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Dating Website's Billboard Causes Racial Controversy

Do you think racial sensitivity has gone too far in America? Your response will determine whether you find this billboard offensive or not.

Believe it or not this billboard has caused all kinds of controversy since it was spotted along the 201 freeway in Utah and posted online, with people claiming it's reminiscent of segregationist attitudes.

But as it turns out Sam Russell, founder of Where White People Meet, says his dating website isn't racially insensitive at all, claiming he's not a racist because he "dated a black woman once".

Whether you think Sam's dating site is racist or not consider this- there are all kinds of racially specific dating sites out there, including Black People Meet, JDate and the racially harmonious BlackWhitePeopleMeet.

-Via Washington Post


Newest 5
Newest 5 Comments

No, I see it as a regulated freedom of speech situation. Remember, there are two "persons" here whose rights must be protected, and whose interests are at odds with one another. Persons' rights, not corporations rights. I'll get to the corporation issue in a bit.

On the one hand, the person who wants to be racist and make a racist website has a right to free speech, especially on the internet.

On the other hand, the persons who may have been victims of this breed of injustice have a right to not have racism shoved in their face on their morning commute.

So, since any single website is entirely avoidable, but a billboard might be unavoidable for certain individuals, the website owner has a right to keep their website, but the persons who feel pain at the sight of such a billboard have a right to make their commute to work without seeing it or having to drive a different, possibly more costly, route.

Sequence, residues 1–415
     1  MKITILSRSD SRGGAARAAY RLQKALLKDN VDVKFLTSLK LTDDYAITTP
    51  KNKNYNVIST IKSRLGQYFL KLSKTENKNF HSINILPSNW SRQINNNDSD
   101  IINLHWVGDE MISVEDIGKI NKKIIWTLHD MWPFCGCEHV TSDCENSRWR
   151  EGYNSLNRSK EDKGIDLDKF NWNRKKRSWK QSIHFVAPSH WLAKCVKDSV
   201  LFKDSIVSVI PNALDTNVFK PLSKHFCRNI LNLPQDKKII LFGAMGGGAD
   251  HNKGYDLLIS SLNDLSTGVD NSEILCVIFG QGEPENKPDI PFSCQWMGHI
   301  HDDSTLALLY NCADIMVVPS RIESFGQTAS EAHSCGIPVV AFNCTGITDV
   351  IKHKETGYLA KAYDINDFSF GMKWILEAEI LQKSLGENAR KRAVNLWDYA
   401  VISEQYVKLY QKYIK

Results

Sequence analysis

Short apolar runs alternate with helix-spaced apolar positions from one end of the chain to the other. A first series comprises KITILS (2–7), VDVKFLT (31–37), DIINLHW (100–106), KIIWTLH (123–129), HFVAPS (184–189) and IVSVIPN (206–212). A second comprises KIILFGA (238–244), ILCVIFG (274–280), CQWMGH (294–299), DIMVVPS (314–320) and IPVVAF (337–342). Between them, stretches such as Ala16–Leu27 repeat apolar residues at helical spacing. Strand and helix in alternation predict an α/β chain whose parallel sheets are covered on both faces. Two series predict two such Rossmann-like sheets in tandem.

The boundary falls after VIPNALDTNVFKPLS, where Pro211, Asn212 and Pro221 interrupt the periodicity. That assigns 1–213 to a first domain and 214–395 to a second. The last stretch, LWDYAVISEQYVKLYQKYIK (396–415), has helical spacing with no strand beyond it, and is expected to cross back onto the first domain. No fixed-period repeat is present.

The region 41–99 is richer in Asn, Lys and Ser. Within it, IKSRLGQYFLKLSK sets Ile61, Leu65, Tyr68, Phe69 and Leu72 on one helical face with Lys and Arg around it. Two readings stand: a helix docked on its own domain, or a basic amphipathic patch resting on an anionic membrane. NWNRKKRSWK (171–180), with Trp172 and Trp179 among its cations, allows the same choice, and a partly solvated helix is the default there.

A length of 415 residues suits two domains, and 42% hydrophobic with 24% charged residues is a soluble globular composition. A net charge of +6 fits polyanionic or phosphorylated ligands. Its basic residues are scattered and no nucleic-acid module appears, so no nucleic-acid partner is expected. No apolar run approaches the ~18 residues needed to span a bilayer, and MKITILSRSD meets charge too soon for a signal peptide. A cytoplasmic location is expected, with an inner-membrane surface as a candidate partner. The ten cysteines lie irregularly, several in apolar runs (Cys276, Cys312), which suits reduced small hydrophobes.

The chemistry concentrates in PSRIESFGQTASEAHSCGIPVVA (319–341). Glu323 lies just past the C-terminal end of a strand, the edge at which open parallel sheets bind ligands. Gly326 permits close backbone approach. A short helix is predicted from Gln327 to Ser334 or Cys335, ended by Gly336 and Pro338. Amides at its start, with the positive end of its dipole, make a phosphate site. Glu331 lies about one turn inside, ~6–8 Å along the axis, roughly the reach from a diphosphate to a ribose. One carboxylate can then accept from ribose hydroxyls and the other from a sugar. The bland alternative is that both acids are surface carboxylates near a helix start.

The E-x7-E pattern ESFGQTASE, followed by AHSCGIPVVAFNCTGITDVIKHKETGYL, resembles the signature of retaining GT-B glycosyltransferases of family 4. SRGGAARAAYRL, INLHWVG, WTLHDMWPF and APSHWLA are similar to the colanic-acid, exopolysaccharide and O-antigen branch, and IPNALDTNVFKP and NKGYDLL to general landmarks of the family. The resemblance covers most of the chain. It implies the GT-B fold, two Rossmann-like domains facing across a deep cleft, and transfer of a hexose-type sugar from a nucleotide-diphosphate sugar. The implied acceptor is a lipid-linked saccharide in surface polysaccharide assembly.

It is easy to see the pain on one side of this issue and focus entirely on trying to create an idealistic world where that person never accidentally feels pain again, but that can only happen in an ideal world, or under a government that crushes all freedom of expression. or a country that is entirely populated by robots.

In the real world, where we want to have freedom of expression but still offer some protection from pain, we have to find a balance between protecting the rights of both of these persons.

In terms of corporation vs person, it seems you're calling the city a corporation here, which is very odd to me, but I'll run with that notion if that is your reasoning. The city only has the right of regulation to protect people, it isn't actually allowed any opinion on the matter. It can't be offended, or shouldn't be, since, as a whole, it is required to be impartial as a law creator/enforcer. It can only act to protect person's who fall under their jurisdiction.

So, in this case, I can understand the city creating a law that would protect the persons who feel pain at the site of such a billboard. As far as the city is concerned, the matter ends there: they have protected persons under their jurisdiction.

The country (a much larger corporation, by your logic), should also judge the situation impartially, and determine that the city has a right to do what it did, but that the person who created the website has a right to express their opinion on that website.
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So the city has a right to find it offensive, but not a person who may be a victim of this sort of prejudice? Is this an offshoot of the "corporations have more human rights than people do" rule?
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I find it more "ew, seriously dude?" than brazenly offensive. But I also find it pointless. I've never been to a dating website, but I assume every one of them has some kind of filtering mechanism? Unlike this guy? (NAILED IT! UP TOP!)
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I see no issue with the site existing. People should be free to do whatever racist or segragationist things they want to do on their own websites.

I could see an argument being made that the city this appears in could decide that, for the appearance/image of their city, they don't want the billboard itself up, but that is up to them, and doesn't affect the rights of the individual to do whatever thing they want to do on their own website.

TLDR: If the city wants the billboard taken down to preserve their image, I agree. If someone wants the site taken down because it offends them, I disagree.
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